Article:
A Melbourne-based program will accelerate our understanding of rare diseases and develop new treatments for one in 12 babies born with a rare genetic condition.

The Murdoch Children's Research Institute's Rare Diseases Now (RDNow) program, launched today on the eve of Rare Disease Day (29 February), will bring together doctors, genetic counsellors, research scientists and bioinformaticians to tackle unanswered and important issues for families affected by rare disease.

There are more than 6000 known rare diseases, 75 per cent of which affect children. Almost one-third of these children will die before the age of five. The underlying causes of many of these diseases remain unexplained.

Victorian Clinical Genetics Services Associate Professor Sue White said the program's vision was for all people living with a rare disease to receive an accurate diagnosis, care, and available therapy within one year of coming to medical attention. 

"We want to better understand the mechanisms causing rare disease," she said. "Ultimately, our aim is to develop prevention and treatment strategies that these families so desperately need."

RDNow will deliver genomic diagnoses and personalised care to offer more opportunities for families to participate in studies that will enhance our clinical and scientific knowledge of very rare conditions and provide greater care and support to children and their families. 

"RDNow aims to address a knowledge gap by developing a framework for patients with rare disease, expand access to genomics to all hospital departments and upskill non-genetics doctors in genomics so that more families can get answers from genomic tests," Associate Professor White said.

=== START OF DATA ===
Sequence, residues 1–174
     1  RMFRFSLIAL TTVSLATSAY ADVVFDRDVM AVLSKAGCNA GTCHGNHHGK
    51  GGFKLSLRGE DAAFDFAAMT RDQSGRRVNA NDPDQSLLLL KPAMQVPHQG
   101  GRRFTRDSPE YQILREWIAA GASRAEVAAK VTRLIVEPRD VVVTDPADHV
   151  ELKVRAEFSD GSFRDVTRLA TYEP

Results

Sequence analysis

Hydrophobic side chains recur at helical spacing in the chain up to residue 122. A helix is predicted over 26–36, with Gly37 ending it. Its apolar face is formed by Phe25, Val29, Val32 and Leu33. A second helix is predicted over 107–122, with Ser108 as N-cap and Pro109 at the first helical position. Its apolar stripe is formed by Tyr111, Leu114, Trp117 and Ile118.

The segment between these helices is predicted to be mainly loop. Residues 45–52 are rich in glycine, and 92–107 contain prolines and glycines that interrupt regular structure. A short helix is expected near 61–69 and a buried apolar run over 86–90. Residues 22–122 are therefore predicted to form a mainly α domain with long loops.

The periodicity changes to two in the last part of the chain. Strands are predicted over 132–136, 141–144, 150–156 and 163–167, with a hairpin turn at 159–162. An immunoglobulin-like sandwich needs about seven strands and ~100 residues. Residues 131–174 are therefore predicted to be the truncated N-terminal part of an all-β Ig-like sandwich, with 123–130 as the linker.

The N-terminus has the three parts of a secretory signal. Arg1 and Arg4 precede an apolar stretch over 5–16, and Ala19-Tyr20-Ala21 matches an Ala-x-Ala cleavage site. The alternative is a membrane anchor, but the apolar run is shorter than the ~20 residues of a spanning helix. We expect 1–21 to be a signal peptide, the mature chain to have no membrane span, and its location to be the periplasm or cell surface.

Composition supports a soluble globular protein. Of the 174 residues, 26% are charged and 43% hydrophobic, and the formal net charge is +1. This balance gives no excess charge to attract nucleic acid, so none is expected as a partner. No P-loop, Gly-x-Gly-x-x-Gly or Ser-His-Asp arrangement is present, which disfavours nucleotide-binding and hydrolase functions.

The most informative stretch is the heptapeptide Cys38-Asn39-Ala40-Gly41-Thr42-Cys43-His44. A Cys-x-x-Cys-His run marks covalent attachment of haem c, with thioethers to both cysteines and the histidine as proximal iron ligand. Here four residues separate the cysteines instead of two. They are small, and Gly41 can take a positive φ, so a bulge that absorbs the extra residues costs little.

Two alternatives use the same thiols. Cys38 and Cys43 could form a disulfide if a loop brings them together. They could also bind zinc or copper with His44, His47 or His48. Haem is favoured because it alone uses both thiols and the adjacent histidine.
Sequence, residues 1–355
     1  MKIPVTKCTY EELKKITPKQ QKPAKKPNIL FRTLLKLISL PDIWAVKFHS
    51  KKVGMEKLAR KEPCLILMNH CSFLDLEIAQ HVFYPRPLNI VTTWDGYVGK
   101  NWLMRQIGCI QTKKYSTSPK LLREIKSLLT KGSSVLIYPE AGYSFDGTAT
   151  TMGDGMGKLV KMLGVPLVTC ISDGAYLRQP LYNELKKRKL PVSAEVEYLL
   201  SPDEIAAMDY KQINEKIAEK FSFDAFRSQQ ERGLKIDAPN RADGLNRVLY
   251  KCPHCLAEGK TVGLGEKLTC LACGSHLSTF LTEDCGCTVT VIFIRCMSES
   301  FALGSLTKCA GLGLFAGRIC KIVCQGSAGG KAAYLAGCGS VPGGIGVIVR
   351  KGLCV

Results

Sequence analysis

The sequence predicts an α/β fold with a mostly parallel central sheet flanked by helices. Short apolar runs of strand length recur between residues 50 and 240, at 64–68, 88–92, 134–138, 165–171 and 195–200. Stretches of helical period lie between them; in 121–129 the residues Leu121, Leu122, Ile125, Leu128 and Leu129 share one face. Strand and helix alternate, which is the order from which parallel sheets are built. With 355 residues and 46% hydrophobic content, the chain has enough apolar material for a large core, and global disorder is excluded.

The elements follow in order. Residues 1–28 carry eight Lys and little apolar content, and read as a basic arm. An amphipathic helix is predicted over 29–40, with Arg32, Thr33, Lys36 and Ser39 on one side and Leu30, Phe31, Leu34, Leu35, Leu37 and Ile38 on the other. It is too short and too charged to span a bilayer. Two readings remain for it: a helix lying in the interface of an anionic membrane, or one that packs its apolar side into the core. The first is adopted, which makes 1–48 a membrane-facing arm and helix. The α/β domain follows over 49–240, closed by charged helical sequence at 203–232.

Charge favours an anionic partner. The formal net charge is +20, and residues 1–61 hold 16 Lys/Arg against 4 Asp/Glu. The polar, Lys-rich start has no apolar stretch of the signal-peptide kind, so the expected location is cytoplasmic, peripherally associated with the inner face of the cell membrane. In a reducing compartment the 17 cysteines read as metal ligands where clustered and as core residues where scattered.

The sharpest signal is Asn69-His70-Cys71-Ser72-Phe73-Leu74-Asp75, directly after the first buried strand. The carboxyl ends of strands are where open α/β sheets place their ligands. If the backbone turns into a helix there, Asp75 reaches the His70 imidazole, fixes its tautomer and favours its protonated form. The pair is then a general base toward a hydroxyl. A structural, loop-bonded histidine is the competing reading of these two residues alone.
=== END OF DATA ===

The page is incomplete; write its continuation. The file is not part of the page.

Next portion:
"We will also establish a recruitment pipeline so that more children with rare disease can access national and international trials. Achieving these goals will mean we can improve the lives of Victorian children with rare disease."

Murdoch Children's Professor David Thorburn said despite the progress in diagnosing rare diseases, and in genetic and genomic research, many Australian families still lack access to genomic testing. 

"In Australia, delays in obtaining accurate genomic diagnosis prevent early interventions, personalised care and future family planning," he said.

"Understanding causes and developing new interventions will not only improve children's lives but provide the evidence needed by policymakers to enable access to rapid and accurate genomic testing for all Australian families."

RDNow will be launched during the Genetic Support Network of Victoria (GSNV) Rare Disease Day event held at The Royal Children's Hospital today from 9:00 am - 4:00 pm. 

GSNV Chief Executive Officer Monica Ferrie said the event was a chance to raise awareness about rare diseases and acknowledge people with rare disease and those who support them. 

"This day provides an opportunity to focus on this part of our community that is often fighting for their voice to be heard," she said. 

"This year's theme 'Finding Your Voice' gives us the opportunity to inform the wider community of the challenges of living with a rare disease."

GSNV is inviting people with rare diseases, their families and support groups to come together to learn from each other's experiences to educate themselves on rare disease research initiatives and to help progress the support sector further. 

Rare Diseases Now (RDNow) is funded by The Royal Children's Hospital Foundation. 

Available for interview
Associate Professor Sue White
Professor David Thorburn
Case study

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Phone: +61 3 9936 6211 / 0427 836 176